Congress asks Clemens, Pettitte, their ex-trainer to testify in hearing

WASHINGTON -- Roger Clemens and Andy Pettitte were asked Friday to testify before a congressional committee on Jan. 16,
along with their former trainer, Brian McNamee.

Also invited to appear before the House Oversight Committee were
former New York Mets clubhouse attendant Kirk Radomski, whose allegations
were a central part of last month's Mitchell report on doping in
baseball. Former All-Star second baseman Chuck Knoblauch also was
asked to speak to the panel.

"It could be a circus with players, true," the committee's
Republican staff director, David Marin, said in a telephone

The decision to seek testimony from Clemens and others was generated, at least in part, by denials from the seven-time Cy Young Award winner.

"Mr. Clemens has raised concerns about the accuracy of the Mitchell report," Phil Schiliro, the chief of staff to Committee Chairman Henry Waxman, a Democrat from California, told 1050 ESPN New York.

Said Marin: "We're not into 'gotcha.' This is a pretty thorough and comprehensive report from Senator Mitchell. Members of Congress think it's important to speak to the findings and recommendations. And if there are high-profile players who are taking shots at that report, then we need to hear from them, too."

Marin said it was too soon to talk about whether any of the witnesses would receive immunity for their testimony. At the March 2005 hearings -- during which Mark McGwire said he was not present to talk about the past -- the players were not given immunity.

Barry Bonds once again will be notably absent from the hearings. The Department of Justice requested the committee not call the Giants slugger in 2005 because he was under investigation for perjury. Two months ago, the all-time home run leader was charged with four counts of perjury and one count of obstruction of justice related to grand jury testimony in which he said he had never knowingly taken steroids or performance-enhancing drugs. He has pleaded not guilty.

Marin said that the hearings are effectively designed to be a repeat of 2005, when the sport was under heavy scrutiny amid a stream of steroid revelations.

"[Virginia Republican Tom] Davis' position is this: This was a high-profile report. It cast a tremendous cloud over Major League Baseball," Marin said. "The fact that a player of the stature of Roger Clemens disputed a critical finding in that report concerns Davis. That's why he thinks Clemens deserves a chance to speak further before Congress and the American people. Only then can Congress determine how much credibility to give to the report."

Asked if the fact that Clemens and others would be required to testify under oath was critical to the process, Marin said, "That's a question goes without saying. Under oath is under oath."

On Jan. 15, the committee is to hear testimony from baseball
commissioner Bud Selig, union leader Donald Fehr and former Senate
Majority Leader George Mitchell.

"The original hearing was called to examine the Mitchell
recommendations and findings. The committee has decided to hold a
second day of hearings for the very same reason -- to invite people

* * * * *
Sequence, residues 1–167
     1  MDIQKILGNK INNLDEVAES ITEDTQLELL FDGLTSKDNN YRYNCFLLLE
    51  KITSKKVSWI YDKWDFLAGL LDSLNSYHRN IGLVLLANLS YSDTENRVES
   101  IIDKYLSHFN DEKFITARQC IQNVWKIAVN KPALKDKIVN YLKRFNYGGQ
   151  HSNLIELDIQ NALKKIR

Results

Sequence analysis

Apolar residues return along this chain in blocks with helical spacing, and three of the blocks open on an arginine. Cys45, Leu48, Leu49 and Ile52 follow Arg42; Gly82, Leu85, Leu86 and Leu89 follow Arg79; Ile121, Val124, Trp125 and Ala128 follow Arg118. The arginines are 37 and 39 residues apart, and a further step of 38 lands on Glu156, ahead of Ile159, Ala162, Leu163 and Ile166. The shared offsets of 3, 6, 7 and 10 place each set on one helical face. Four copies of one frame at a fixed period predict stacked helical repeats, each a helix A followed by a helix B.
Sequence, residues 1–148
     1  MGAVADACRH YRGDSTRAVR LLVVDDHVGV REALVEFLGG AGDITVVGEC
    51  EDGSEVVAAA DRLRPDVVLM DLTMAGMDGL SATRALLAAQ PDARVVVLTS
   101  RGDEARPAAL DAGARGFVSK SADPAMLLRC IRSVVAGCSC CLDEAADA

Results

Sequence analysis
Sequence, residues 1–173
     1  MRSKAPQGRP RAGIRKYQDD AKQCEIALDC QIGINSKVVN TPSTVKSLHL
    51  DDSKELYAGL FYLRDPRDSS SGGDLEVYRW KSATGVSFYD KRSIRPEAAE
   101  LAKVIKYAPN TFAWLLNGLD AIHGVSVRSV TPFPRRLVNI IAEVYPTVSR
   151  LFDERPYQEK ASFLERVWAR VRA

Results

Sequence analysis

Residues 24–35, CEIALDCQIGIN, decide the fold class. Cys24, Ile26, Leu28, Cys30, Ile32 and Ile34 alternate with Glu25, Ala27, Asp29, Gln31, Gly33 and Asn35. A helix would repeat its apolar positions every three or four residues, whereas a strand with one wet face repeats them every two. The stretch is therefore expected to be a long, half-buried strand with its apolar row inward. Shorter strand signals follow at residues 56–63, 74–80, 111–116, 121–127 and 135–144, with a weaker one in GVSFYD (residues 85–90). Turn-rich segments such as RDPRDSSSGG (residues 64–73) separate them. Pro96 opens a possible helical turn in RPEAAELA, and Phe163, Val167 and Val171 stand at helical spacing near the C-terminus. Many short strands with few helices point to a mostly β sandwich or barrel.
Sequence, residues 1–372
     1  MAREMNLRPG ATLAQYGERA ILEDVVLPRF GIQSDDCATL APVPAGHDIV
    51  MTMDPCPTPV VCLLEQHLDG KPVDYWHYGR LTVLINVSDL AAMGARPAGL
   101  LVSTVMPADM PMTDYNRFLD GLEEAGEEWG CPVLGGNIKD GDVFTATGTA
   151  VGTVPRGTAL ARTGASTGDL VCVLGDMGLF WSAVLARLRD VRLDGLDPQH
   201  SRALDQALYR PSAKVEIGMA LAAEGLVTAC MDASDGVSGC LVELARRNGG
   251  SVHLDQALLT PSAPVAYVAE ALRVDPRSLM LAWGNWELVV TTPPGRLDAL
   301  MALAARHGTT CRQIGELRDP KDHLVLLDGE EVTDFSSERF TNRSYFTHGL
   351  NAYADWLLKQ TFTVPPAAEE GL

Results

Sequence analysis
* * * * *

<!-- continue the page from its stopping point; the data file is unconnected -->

with varying perspectives on the Mitchell report to shed further
light on it," Marin said.

A Major League Baseball source told ESPN's T.J. Quinn that commissioner Bud Selig's office was not aware that players would be called until a news release went out Friday, but Selig had received a letter a while ago asking for him to attend.

McNamee told Mitchell he had injected Clemens with steroids and
human growth hormone during the 1998, 2000 and 2001 seasons.
Clemens, in an interview to be broadcast by CBS's "60 Minutes" on
Sunday, said McNamee injected him with vitamins and painkillers but
not performance-enhancing drugs.

Pettitte admitted McNamee injected him with HGH twice while the
pitcher was recovering from an injury.

In Mitchell's report, McNamee says he also personally injected Knoblauch with performance-enhancing drugs. McNamee took enough pride in his role in their use that, according to the report, "Occasionally McNamee acknowledged good performances by Knoblauch or Clemens by 'dropping hints,' such as, 'He's on the program now.' "

Radomski pleaded guilty in April to federal felony charges of
distributing steroids and laundering money, and he is scheduled to
be sentenced Feb. 8.

Although none of the people asked to testify under oath Jan. 16
had agreed to appear as of late Friday afternoon, the committee's
announcement listed Clemens and others under the heading,
"Witnesses will include."

Said Marin: "We always presume that invited witnesses will

Clemens' attorney, Rusty Hardin, said in a statement: "We welcome Chairman Waxman and the Committee's interest in this very serious matter. Roger is willing to answer questions, including those posed to him while under oath. We hope to determine shortly if schedules and other commitments can accommodate the committee on that date."

Clemens is listed as a celebrity expected to play in the Bob Hope Chrysler Golf Classic in Palm Springs, Calif., the day of the hearing. The tournament is set from Jan. 16-20.

An e-mail to McNamee's attorney and a phone call to
Radomski's lawyer were not immediately returned.

During the March 2005 hearing that the panel convened, Sammy Sosa said he had never knowingly used illegal
performance-enhancing drugs. Rafael Palmeiro denied using drugs but
tested positive later that year for a steroid.

The leaders of the committee, Waxman
and Davis, were among several members of
the House and Senate who sponsored legislation in 2005, proposing
to mandate stronger steroid testing and penalties for baseball and
other U.S. professional sports leagues.

Another committee has scheduled a Jan. 23 hearing on the
Mitchell report.

ESPN reporters Mark Fainaru-Wada and T.J. Quinn contributed to this report.